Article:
The Pay-What-You-Want model is not a valid way to build a substantial PDF publishing business.
It is a publicity stunt, a novelty that will wear thin very quickly and sales will drop. Imagine if 6d6 had a back-catalog of 10 titles, all of which were Pay-What-You-Want. I suspect people would pay about the same as they did in the experiment but spread that money over an entire shopping basket-full of PDFs rather than a single title.
The other down side is reputation and branding. If 6d6 kept releasing our products using Pay-What-You-Want we would end up being known as the company that does Pay-What-You-Want. What 6d6 wants to be known as is as a company that produces innovative, high quality RPG products.
Why App Pricing Is A Bad Idea
The logic seems to be that by reducing price, sales will not only increase but increase significantly because when the price is so cheap it becomes a disposable item. At this price point, people will buy it without a second thought just like a can of pop or cup of coffee. After all, its only $1.99, if the PDF turns out to be rubbish, who cares?
However, for most people, most of the time, this is a bad idea.
Price is Elastic
The principal is known by economists as Price Elasticity of Demand.
In English it means that if you drop your price by 10%, you won’t see a 10% increase in sales. The reverse is also true. A 10% increase in price will not cause a 10% decrease in sales. Each product in each market place has its own elasticity and it is impossible to predict how any product will behave.
This is a critical point of sellers of all goods because if you can raise your price by 10% but only lose 1% of the sales, you generate a lot more revenue.
Why You Cannot Make Money with App-Priced PDFs
According to Google Analytics, the 6d6 RPG page received 507 Absolute Unique Visitors during the experiment which converted into 10 sales. A conversion rate of visitors to sales of 2%. This small figure is very high. Much higher than most web retailers see, much higher than we see with our range of 28mm miniatures and higher than we saw on RPGNow (currently 0.2%).
To sell 100 copies 6d6 would of needed ten times more traffic, or about 5000 unique visitors. As any blogger or small publisher will tell you, this is not easy but it is possible. With an average sales price of £4.46 per copy that would of earned me £446 before costs. Assuming I was paid Minimum Wage (£5.93) that works out at the equivalent of 75 hours work. Which is around about how much time I put directly into that PDF.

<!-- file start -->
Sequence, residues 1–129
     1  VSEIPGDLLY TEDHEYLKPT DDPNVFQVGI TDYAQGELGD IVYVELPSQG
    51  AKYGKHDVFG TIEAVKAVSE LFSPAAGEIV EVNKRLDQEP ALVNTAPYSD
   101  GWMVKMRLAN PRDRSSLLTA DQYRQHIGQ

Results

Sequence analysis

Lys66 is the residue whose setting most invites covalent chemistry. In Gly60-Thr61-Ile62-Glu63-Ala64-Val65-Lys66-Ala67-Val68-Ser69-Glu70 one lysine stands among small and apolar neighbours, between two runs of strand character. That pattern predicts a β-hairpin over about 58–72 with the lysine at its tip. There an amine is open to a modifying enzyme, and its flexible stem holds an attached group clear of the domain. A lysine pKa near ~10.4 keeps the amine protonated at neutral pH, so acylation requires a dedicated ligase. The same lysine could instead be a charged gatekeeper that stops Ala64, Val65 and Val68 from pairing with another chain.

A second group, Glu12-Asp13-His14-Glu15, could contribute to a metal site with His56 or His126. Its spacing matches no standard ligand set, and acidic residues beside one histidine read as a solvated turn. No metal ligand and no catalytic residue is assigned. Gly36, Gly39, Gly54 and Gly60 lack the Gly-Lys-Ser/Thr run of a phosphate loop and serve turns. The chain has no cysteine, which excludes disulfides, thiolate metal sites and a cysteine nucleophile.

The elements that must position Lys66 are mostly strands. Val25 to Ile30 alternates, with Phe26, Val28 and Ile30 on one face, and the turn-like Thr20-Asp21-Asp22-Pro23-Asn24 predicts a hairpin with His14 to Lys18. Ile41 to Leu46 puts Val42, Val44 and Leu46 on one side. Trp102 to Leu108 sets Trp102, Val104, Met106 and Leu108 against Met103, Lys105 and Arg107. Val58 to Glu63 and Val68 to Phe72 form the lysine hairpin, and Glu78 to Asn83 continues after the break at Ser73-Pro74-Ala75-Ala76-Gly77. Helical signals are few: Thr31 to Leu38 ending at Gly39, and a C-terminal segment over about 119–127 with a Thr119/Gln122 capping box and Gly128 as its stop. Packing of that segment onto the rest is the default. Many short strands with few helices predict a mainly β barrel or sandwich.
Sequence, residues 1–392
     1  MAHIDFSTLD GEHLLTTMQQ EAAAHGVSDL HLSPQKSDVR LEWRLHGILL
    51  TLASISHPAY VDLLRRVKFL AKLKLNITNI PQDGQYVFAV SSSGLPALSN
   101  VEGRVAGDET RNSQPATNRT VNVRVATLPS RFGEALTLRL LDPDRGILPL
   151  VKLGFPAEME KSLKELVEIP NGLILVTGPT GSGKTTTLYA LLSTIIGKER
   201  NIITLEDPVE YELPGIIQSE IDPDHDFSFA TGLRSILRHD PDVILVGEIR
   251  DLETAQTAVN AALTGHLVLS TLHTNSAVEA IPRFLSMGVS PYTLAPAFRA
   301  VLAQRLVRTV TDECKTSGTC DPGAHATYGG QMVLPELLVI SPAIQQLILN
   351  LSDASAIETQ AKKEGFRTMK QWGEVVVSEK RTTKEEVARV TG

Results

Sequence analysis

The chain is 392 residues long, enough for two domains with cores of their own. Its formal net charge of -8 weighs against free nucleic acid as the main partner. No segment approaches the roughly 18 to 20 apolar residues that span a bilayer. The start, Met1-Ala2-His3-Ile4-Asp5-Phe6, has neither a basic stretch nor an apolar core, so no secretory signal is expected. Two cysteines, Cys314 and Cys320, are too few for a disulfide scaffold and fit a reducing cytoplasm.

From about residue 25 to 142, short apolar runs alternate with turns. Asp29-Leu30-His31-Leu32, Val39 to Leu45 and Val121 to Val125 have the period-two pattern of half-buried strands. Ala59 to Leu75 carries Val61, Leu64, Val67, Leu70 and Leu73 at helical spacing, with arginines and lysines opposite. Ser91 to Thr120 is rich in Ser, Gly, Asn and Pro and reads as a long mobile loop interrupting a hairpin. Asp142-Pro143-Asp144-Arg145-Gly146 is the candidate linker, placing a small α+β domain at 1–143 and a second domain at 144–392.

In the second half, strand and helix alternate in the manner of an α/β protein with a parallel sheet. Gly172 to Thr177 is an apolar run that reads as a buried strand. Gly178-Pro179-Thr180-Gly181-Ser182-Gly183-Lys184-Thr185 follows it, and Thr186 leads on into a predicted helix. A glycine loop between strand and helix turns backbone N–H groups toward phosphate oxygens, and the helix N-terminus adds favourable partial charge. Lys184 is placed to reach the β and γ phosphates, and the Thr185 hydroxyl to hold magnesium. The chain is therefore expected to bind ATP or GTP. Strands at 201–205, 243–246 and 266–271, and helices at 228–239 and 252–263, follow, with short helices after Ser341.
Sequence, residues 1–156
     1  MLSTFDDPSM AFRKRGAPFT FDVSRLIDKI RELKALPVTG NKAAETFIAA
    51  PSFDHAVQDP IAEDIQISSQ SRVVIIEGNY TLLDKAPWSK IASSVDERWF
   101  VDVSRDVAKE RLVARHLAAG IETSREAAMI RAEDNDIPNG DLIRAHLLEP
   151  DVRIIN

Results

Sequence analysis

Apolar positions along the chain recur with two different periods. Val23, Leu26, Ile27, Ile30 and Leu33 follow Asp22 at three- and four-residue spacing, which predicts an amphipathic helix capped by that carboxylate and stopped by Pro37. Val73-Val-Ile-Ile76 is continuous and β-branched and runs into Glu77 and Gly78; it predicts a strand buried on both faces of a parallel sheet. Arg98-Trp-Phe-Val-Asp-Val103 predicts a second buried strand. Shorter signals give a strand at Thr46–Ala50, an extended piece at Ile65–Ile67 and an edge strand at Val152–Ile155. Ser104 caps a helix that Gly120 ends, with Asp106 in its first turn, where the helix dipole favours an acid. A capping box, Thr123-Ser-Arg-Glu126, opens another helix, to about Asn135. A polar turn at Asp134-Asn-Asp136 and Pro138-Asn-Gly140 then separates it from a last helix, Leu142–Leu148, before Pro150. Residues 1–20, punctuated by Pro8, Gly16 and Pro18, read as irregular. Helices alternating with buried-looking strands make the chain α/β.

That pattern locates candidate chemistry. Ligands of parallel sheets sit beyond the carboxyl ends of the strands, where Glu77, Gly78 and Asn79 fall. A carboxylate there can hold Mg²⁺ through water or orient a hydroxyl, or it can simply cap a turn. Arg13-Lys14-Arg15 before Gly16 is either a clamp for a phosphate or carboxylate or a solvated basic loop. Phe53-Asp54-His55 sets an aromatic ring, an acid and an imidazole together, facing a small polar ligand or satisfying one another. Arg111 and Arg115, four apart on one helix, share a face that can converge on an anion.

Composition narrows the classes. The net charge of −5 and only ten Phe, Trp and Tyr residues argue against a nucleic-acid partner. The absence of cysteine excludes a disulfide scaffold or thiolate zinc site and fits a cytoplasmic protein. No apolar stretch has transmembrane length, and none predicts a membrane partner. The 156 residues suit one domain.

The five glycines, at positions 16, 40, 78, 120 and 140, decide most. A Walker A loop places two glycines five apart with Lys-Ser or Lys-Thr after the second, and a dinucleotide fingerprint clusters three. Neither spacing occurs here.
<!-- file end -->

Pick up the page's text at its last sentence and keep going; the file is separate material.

To make the same amount with App-Priced PDFs for £1 we would need to sell 446 copies which requires 22300 visitors. Getting that number of unique people onto a single page is really difficult for anyone other than a large company with an established brand.
But this assumes a sales rate of 2%. What if it was the same rate as we saw on RPG Now (0.2%)?
At the average price of £4.46 I would need 50000 visitors to earn myself the bare minimum of livings. At £1 we would need 223000 visitors. Not far off a quarter of a million visitors!
Even if Wizards put the Players Handbook for sale for £1 they could not get that level of traffic.
When To Use App-Pricing or Pay-What-You-Want
There are times when dirt cheap or novelty charging schemes may be effective.
- For small, cheap to make products – e.g. single encounters – products that only take a few hours to create and cannot command a larger price.
- Special Editions – If you have an old product then wrap it up in new packaging and ship it at a lower price. This is what Postmortem Studio has done with their Invaderz product and I suspect this will be cost effective.
- Charity and other special events – When the normal rules don’t or you need the extra publicity.
The Price Is Not Important
What matters is the price in context to how you market and sell a product.
What isn’t obvious is that it is no harder to sell expensive goods than it is to sell cheap goods. Both approaches to pricing need to fit into the broader marketing, branding and product development strategies.
Getting this mix of price, brand and product quality right is difficult which is why so many businesses fail.